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Coral Bleaching in Maldives - How Widespread is the Problem?

Discussion in 'Maldives' started by ontdiver, Aug 20, 2020.

  1. ontdiver

    ontdiver Solo Diver

    # of Dives: 200 - 499
    Location: Ottawa, Ontario
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    Thinking about a post COVID LOB trip and was wondering whether coral bleaching in Maldives is localized or widespread...and if the former, whether any of the LOB operators have managed to establish itineraries that avoid problem areas.
     
  2. Jake 10

    Jake 10 ScubaBoard Supporter ScubaBoard Supporter

    # of Dives: 50 - 99
    Location: Herndon, VA
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    According to Coral Reff CPR, they found that bleaching of the most sensitive corals started in March 2016, and by mid-April entire reef systems throughout the country were stark white. MRC said in May 2019 that the Maldives has been classified at the ‘watch’ level by the US National Oceanic and Atmospheric Administration. Activities that contribute to slower recovery of bleached corals include; dredging, land reclamation, and beach nourishment
     
    ontdiver likes this.
  3. Angelo Farina

    Angelo Farina Marine Scientist

    # of Dives: 1,000 - 2,499
    Location: Parma, ITALY
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    I was there in 2018, at a research center of the University of Milan-Bicocca, called MARHE:
    MaRHE Center
    They are running a coral restoration program, with a nursery of heat-resistent coral, which later is transplanted for re-colonizing bleached reefs.
    Bleaching has affected strongly Maldives, and most reefs are now entirely dead. Coming back to Maldives after decades (my previous time was in 1989) the effect was dramatic.
    Reefs which were colourful and plenty of life are now entirely white or grey, and most small fish is gone.
    Still in some sites there is plenty of large pelagic fish, but the coral gardens which made them famous in the seventies and in the eighties are entirely gone.
    I suppose that LOBs focus on sites where you can see large pelagic fish, and I see good photographic reports showing that this is still possible.
    But if you instead are looking for colourful reefs, as the old photos of past century show, you will have big troubles of finding them intact...
     
  4. ontdiver

    ontdiver Solo Diver

    # of Dives: 200 - 499
    Location: Ottawa, Ontario
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    Sounds pretty bleak.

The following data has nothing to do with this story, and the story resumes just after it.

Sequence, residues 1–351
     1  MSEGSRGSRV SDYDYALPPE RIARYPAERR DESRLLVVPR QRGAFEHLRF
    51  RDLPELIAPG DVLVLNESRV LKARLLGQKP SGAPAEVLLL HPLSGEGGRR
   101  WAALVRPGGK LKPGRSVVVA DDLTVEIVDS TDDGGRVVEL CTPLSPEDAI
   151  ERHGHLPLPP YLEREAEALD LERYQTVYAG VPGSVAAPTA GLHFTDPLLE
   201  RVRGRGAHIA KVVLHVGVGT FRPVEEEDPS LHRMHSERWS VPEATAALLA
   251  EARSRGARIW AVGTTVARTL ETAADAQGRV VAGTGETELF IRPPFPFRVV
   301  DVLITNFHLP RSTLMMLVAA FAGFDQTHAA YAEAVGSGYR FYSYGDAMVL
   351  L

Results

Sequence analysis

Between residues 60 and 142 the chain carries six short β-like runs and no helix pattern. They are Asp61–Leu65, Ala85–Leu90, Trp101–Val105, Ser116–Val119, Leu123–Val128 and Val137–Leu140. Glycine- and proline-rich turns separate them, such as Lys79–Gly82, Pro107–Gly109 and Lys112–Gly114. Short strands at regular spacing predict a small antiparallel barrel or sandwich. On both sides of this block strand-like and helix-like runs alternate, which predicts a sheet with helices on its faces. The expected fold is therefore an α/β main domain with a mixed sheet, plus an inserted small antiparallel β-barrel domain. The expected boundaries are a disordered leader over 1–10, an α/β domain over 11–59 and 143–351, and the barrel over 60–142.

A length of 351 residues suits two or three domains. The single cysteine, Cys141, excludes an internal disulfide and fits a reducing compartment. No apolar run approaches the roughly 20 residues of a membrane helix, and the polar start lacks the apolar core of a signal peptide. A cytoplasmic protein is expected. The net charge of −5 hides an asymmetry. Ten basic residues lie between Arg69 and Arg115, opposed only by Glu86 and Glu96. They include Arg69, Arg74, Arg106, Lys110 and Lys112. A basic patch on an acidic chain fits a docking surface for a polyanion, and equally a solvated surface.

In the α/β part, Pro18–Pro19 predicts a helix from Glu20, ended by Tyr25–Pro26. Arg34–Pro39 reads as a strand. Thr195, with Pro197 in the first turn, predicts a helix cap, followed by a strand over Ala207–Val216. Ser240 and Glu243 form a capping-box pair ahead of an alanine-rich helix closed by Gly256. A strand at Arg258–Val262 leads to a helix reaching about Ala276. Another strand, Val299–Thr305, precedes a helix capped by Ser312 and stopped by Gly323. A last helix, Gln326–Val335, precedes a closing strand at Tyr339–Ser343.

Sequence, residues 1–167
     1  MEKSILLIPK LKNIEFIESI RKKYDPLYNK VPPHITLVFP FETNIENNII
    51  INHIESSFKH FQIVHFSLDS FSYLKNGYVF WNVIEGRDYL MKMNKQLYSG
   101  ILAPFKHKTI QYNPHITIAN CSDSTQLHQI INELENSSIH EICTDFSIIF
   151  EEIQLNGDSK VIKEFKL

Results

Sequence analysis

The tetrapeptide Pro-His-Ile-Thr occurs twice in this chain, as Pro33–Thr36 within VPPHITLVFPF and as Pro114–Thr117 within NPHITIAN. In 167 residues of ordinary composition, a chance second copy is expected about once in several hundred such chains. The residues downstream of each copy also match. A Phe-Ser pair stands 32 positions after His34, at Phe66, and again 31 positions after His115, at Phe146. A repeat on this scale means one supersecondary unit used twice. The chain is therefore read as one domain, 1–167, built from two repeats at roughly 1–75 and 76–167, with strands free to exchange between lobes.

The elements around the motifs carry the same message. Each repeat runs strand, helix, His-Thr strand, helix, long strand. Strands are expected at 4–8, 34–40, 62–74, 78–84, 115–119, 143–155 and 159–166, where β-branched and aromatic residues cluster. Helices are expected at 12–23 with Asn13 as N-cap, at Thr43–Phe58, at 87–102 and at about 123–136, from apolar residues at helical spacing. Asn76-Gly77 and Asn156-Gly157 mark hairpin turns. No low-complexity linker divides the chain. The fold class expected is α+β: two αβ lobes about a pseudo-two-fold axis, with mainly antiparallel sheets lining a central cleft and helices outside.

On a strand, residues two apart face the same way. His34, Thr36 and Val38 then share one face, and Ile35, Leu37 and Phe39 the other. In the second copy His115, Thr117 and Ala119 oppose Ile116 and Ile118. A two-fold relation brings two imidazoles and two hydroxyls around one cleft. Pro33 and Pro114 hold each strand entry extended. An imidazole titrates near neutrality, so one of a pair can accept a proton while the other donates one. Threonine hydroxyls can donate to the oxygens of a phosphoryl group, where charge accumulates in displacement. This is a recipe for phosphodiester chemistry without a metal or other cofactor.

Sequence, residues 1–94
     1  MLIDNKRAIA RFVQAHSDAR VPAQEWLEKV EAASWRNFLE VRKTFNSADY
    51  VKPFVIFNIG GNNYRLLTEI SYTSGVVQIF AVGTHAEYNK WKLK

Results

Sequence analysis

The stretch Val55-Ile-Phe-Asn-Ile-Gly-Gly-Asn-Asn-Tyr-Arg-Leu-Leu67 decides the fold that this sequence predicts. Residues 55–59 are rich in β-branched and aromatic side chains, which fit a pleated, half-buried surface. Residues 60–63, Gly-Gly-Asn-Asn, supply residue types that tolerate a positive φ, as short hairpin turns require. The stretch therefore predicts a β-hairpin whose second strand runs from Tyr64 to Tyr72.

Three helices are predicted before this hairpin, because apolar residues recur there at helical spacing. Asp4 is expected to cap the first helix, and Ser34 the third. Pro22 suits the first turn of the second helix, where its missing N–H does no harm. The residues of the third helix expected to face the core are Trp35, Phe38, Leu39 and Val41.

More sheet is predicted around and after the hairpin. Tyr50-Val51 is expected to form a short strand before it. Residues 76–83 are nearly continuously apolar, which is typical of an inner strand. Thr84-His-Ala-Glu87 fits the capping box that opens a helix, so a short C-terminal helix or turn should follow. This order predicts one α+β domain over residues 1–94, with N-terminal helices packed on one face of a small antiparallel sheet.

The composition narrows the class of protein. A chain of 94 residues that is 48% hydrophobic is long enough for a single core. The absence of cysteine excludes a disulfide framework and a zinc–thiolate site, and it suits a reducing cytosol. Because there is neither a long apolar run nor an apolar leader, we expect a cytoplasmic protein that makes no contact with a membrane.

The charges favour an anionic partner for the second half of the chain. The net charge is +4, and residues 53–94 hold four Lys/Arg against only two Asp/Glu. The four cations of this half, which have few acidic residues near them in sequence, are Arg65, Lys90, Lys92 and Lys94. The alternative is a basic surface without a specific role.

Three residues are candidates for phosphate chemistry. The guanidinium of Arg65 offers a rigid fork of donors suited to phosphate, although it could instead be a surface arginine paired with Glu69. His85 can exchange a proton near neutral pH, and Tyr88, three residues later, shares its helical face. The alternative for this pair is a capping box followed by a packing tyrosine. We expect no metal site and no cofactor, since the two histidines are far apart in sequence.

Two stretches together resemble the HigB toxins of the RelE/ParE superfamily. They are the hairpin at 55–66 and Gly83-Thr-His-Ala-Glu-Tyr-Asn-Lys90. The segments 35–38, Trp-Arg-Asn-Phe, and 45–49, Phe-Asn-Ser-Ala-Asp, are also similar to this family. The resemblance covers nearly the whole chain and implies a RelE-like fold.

5. Christian

    Christian Manta Ray

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    The BIg One was in 1998. That was the most severe known El Nino effect to coral all around the globe and especially the Indian Ocean was hit hard.and the central to western parts in particular. Then there has been minor a bleaching in 2010 and then a "medium" in 2016-2017. After what I have seen a lot of the shallow hard corals are in bad shape. You can find live and pretty stretches near channels with deep water. House reef shallows are in bad shape, very much due to sand pumping to preserve/build beaches. Still lts of fish though and good chances to see some bigger things like rays and reef sharks.
     
    ontdiver likes this.
  6. Mephki

    Mephki Angel Fish

    # of Dives: 100 - 199
    Location: USA
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    Dove 35 dives near Dhangethi in July 2019, 2 sites were amazing (both deep/strong currents), everything else was looking very sad.
     
    ontdiver likes this.
  7. Angelo Farina

    Angelo Farina Marine Scientist

    # of Dives: 1,000 - 2,499
    Location: Parma, ITALY
    1,659
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    Also consider that in Maldives now there is an hard limit to 30 meters and no deco.
    The better dives we were doing in the eighties were well beyond those limits. Dhiggiri Kandu, for example, one of my favourite ones, is around 48 meters.
    Rakeedhoo Kandu, at the south of the Felidhoo Atoll, is more than 60 meters.
    Both of them cannot be done nowadays...
     
    Mephki likes this.
  8. WeRtheOcean

    WeRtheOcean Barracuda

    # of Dives: None - Not Certified
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    So in other words, there is no hope. Because each of those activities will be deemed economically indispensable (just like every environmentally destructive activity).

    On the other hand, when sea level rise turns the Maldives into a range of guyots, all three of those activities will stop. Can't say that about every coastal country.
     
  9. Sunn

    Sunn Barracuda

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    Coral bleaching has been a problem, but the reefs recovers slowly... the main problem seems to me being the numerous divers breaking corals.
    I saw last week more than 15 divers on their knees, even the guide of the boat, looking at some mantas. Despite what the guide says, they are not standing on a nude rock, it's just a place destroyed by divers where nearly nothing survived !
     
  10. Damselfish

    Damselfish ScubaBoard Sponsor ScubaBoard Sponsor

    # of Dives: 1,000 - 2,499
    Location: Boston
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    We have only made it there once, a LOB in 2007. Then, there was great fish and critter life. Coral, there were a couple spots where it was truly amazing that had somehow escaped bleaching, and a lot where it was nothing like that. I feel like those couple sites were a glimpse into the past and we were lucky to see them.
     

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